The Path of Gentleness

Dec 22, 2014 2873

In the twelfth chapter of Matthew, the gospel writer takes the ancient words of the prophet Isaiah and applies them to Jesus:

Here is my servant whom I have chosen,

the one I love, in whom I delight;

I will put my Spirit on him,

and he will proclaim justice to the nations.

He will not quarrel or cry out;

no one will hear his voice in the streets.

A bruised reed he will not break,

and a smoldering wick he will not snuff out,

till he has brought justice through to victory. 

In his name the nations will put their hope.

– Matt 12:18–21

Let your gentleness be evidentThe Jews, like us, often had their values all wrong. When defending justice, they quarrelled and argued and debated and even shouted a lot. They believed that to God had authorized them in their church and in their society to use power and politicking and coercion in order to defend and uphold truth, and so bring about God’s kingdom here on earth.

Noble aims. Wrong methods. That’s why they misunderstood and rejected Christ.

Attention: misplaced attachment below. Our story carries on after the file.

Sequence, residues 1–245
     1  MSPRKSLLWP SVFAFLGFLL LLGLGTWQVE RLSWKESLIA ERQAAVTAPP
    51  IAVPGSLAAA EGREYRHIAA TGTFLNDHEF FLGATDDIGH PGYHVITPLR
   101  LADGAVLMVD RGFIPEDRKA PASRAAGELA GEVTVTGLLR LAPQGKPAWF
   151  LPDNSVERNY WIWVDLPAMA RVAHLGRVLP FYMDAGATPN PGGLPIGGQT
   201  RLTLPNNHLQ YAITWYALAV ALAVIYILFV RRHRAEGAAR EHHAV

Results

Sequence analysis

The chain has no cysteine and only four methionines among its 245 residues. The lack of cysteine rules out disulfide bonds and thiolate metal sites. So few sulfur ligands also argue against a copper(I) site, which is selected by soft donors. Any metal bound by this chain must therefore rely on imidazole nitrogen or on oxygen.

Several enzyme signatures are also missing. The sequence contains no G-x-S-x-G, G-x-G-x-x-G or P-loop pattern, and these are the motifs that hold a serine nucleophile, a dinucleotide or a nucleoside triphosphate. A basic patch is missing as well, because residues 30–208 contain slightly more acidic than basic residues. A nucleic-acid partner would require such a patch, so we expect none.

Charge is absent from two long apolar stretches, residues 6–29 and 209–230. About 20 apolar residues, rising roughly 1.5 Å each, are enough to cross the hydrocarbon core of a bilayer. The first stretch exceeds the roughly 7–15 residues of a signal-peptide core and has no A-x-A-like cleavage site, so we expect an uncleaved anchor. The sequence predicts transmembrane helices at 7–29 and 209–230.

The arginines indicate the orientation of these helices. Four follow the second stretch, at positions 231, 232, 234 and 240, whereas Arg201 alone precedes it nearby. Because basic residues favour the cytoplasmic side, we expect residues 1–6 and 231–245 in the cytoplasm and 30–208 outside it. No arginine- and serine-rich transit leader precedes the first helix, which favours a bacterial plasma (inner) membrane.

To read this description of Christ in the twelfth chapter of Matthew is to understand the character of the man or woman in whom God delights. It is to see through the eyes of God. It is to understand how the gospel wins.

Christ did not quarrel. He did not shout. He did not lead noisy protests through the streets.

The prophet goes to the most extreme metaphors to describe the gentleness of Christ. He was so gentle that he did not bend a blade of grass as he walked, and his words so peaceful he did not even snuff out a smouldering candle with his breath.

And so the total inversion of what the Jewish people expected in their conquering Messiah was complete.

Yet it was upon Him – Christ – whom the Spirit of God rested.

It was Christ who would proclaim justice to the nations, and in Him they would put their hope.

And it was Christ who would bring justice to this world, so that it will fill and overflow this earth like an ocean of righteousness from the east to the west. Such is the victory of Christ, the Servant of God.

And such will be the victory of all those who, following the Lamb of God, seek the path of gentleness.

We must rethink our methods in our families, in our churches, and in our societies. We must seek Christ alone, so that through his grace, it may be also said of us,

Here is my servant whom I have chosen,

the one I love, in whom I delight.

– Eliezer Gonzalez

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